I often use the heart attack example in my messaging and media training workshops. It helps executives understand that simple is not offensive. 

Make your messaging simple

Do you find that your company and/or product messaging tries to be all things to all people? That your product leaders want every feature included in every communication? That often happens when everyone wants a say.

But your audience has a short attention span, and you only have about eight seconds to catch their attention. Sometimes you have to remind yourself and others that the point of marketing is to get buyers interested enough to contact you to learn the details. 

One of the best ways to ensure your message is clear, concise and consistent is to make a one-page Message Map.

Message Map - a simple visual message framework
Use a Message Map to keep your marketing clear, concise and consistent.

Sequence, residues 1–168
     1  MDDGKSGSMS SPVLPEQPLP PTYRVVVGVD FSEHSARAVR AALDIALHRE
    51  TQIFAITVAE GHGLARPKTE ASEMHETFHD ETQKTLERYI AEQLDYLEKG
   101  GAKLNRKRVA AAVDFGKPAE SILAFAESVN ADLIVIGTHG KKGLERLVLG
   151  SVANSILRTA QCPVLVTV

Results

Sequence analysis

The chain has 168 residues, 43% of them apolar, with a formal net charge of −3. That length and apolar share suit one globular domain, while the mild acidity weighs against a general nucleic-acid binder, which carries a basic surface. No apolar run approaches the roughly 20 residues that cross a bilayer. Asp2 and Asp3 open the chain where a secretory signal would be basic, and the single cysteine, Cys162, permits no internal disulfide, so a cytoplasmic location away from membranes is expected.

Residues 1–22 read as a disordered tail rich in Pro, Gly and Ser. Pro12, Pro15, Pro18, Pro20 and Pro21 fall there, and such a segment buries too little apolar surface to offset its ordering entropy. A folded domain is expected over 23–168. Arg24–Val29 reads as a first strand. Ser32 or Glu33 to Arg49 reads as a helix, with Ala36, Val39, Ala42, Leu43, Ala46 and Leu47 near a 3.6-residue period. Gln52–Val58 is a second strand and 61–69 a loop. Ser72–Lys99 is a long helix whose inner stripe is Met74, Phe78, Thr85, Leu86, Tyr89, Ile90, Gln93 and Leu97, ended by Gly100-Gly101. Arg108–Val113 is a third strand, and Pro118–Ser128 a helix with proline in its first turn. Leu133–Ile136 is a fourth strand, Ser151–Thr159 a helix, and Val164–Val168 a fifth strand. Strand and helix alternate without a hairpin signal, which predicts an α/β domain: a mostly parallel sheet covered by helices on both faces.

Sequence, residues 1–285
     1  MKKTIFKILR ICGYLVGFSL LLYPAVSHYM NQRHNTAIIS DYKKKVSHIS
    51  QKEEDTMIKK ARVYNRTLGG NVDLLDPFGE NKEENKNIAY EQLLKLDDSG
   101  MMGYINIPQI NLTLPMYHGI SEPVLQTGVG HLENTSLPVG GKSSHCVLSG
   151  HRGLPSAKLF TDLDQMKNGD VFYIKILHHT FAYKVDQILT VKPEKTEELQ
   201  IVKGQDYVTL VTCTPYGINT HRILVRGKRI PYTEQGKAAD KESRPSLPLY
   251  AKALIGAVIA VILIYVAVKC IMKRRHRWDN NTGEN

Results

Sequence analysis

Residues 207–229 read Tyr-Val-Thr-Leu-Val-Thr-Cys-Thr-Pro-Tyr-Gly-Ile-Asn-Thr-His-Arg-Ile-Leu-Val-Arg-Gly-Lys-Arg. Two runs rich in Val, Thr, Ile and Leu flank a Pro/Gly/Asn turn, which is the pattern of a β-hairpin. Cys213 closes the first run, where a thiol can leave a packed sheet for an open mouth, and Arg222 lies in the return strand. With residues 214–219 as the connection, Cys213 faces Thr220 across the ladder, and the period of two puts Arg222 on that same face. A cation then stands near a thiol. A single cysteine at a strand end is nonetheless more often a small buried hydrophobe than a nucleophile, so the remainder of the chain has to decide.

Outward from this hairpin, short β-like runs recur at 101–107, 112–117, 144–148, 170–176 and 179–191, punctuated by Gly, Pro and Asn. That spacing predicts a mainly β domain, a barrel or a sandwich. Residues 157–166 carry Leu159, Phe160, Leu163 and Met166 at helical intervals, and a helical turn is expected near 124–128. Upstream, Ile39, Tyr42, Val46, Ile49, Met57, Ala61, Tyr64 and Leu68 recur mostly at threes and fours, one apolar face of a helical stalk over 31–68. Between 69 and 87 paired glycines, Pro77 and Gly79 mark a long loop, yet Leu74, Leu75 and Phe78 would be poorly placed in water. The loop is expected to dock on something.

“With a Message Map, you see what to say and say you what you mean,” says George Stenitzer, my partner and founder of Crystal Clear Communications. “You can color-code the map to make sure the message is relevant to different audiences.” 

From vaccinations to climate change, there is a lot of research that shows simple messages are clearly more effective. And in marketing, “decision simplicity,” which is how easy clients can gather reliable information, is the single biggest driver of client attraction and retention.

“Even in the complex world of healthcare information technology, a message is most effective when it’s clean and straightforward, and not cluttered with unnecessary, superfluous language,” says Tom Lynch, Director  of Marketing Communications at Allscripts. “For example, let me rephrase that last thought: ‘To be most effective, keep your message clean and simple.’”

Make your marketing strategy simple

Now about that 60-page marketing plan. What if you could ditch it? What if you could clearly state your marketing goals, objectives, strategies and metrics on one page?